• Multilateral cooperation of the U.S. and Russia within the framework of the international projects initiated by these countries in the year 2000 on the development of advanced “Generation IV” reactors (GIF) and the IAEA project on innovative nuclear reactors and fuel cycles (INPRO), respectively.

2. Scope, Results and Good Practices of the U.S.-Russian Cooperation on Nuclear Nonproliferation and Related Areas

Besides problems and impediments emerging in U.S.-Russian cooperation on nuclear nonproliferation, useful experience has been gained, and many specific results obtained. Prior to the analysis of problems and impediments to bilateral cooperation, it would be worthwhile to summarize the experience and good practices that could be used in the development of recommendations on overcoming or mitigation of the impediments.


When analyzing the achievements, a consideration of some other bilateral U.S.-Russian cooperation projects related to nuclear nonproliferation (e.g., in the area of improving nuclear safety at nuclear power plants (NPPs)) is deemed useful for learning lessons in nuclear nonproliferation projects.

2.1 Cooperative Threat Reduction Program (Nunn-Lugar Program)

An umbrella Agreement on the safe and secure transportation, storage and destruction of weapons and the prevention of weapons proliferation (also known as the Cooperative Threat Reduction Program (CTR) Program), signed by the Presidents of the U.S. and Russia in June 1992, provided a framework for implementation of the START I Treaty, initiated large-scale cooperation on this subject, and was especially important for strengthening strategic stability. The initiative focused on Russia and some other former Soviet Union countries, and was initiated on the U.S. side by U.S. Senators Nunn and Lugar; for this reason the Agreement is often called the Nunn-Lugar program.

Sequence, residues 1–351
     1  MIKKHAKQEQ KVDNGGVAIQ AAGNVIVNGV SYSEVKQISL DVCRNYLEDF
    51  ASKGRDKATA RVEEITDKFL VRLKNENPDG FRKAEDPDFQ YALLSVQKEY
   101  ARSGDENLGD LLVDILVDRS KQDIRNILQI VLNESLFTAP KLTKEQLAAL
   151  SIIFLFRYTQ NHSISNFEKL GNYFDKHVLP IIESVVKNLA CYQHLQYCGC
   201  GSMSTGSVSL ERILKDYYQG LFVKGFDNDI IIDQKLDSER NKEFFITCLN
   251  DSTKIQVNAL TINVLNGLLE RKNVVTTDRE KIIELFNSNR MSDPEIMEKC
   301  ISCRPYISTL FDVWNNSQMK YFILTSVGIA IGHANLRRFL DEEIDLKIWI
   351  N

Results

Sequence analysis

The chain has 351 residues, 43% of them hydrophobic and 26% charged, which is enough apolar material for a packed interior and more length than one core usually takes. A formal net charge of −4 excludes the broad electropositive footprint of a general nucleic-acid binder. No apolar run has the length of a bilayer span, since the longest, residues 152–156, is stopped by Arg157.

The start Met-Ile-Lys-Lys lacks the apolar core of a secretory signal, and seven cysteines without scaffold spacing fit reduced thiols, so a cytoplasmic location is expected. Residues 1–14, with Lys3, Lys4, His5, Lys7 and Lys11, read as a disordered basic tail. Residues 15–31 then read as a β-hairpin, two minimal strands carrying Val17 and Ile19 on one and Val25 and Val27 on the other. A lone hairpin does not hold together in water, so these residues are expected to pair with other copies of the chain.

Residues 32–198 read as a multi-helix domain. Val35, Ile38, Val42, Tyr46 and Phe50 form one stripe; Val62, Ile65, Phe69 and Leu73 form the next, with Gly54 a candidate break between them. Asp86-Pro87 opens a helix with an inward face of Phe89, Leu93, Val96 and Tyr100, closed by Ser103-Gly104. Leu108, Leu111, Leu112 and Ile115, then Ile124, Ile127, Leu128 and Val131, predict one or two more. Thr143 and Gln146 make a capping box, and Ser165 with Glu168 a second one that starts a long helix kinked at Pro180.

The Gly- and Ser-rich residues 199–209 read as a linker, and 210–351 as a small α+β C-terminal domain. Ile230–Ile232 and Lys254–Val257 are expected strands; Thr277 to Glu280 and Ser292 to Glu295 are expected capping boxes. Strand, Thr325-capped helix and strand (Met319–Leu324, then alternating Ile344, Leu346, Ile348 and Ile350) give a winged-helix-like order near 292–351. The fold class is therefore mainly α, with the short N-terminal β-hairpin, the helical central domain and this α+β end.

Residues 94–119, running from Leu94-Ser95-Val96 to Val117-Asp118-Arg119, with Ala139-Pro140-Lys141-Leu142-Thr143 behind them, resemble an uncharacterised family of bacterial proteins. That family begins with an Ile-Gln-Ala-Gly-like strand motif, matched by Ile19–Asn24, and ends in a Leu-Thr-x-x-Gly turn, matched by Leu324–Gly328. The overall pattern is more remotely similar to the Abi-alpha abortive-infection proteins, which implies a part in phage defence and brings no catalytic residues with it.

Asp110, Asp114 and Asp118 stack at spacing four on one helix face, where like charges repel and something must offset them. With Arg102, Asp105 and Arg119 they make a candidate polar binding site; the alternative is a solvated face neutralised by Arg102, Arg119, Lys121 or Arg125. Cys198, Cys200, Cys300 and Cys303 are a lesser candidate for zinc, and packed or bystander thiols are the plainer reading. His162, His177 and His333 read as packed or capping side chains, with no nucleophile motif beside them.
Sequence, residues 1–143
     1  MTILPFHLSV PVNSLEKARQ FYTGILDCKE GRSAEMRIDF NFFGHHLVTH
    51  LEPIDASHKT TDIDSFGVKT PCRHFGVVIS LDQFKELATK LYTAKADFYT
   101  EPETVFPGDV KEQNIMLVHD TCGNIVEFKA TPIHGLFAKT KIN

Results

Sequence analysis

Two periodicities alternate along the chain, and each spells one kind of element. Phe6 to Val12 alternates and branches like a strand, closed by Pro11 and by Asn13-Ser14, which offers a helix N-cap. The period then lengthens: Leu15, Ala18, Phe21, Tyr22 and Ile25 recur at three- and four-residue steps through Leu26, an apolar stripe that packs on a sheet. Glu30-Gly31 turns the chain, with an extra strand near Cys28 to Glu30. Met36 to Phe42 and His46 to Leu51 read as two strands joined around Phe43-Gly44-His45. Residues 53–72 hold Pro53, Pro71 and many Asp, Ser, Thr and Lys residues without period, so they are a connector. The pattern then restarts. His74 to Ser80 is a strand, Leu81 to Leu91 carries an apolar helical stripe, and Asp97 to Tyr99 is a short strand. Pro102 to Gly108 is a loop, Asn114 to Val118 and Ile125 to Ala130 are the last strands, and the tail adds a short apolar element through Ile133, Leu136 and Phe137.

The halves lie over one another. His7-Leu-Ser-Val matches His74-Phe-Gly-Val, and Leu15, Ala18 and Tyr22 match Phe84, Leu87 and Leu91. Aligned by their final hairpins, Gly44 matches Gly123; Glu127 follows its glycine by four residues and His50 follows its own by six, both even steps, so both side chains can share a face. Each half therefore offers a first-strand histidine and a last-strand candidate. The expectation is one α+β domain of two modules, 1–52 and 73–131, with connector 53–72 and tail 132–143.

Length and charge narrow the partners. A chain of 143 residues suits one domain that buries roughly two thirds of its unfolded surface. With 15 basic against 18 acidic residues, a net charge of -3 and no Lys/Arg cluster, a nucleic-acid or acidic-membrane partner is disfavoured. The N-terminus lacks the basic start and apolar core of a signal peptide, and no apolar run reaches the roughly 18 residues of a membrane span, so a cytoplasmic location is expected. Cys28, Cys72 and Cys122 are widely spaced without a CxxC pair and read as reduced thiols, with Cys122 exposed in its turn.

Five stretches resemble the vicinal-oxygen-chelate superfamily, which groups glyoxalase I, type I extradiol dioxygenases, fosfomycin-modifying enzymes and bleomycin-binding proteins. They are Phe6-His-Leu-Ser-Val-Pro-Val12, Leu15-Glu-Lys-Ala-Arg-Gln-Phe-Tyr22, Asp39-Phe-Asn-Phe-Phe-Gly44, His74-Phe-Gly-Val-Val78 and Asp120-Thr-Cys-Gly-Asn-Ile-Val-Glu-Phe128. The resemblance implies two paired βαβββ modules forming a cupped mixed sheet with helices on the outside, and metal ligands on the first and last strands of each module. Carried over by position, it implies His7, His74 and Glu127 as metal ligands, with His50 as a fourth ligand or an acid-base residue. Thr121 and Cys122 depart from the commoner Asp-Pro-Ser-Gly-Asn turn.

As an extension of the intergovernmental umbrella Agreement, about twenty executive agreements have been signed covering a wide range of bilateral interactions, such as elimination of strategic offensive arms, safety improvements of nuclear weapons transportation and storage, disposal of chemical weapons stocks, improvement of the nuclear material protection, control and accounting system, construction of a storage facility for surplus weapons-grade fissionable materials, and shutdown of weapons-grade plutonium production reactors.


When summing up the CTR program implementation results over more than 10 years, it could be concluded that the Agreement made and still makes it possible to address successfully in a relatively short time such important challenges as:

  • Ensuring safe shipping to Russia of nuclear ammunition [warheads] from the Ukraine, Byelorussia and Kazakhstan;

  • Upgrading considerably the safety level in storing both nuclear weapons at R.F. Ministry of Defense facilities and nuclear submarine SNF at the Russian Navy facilities;



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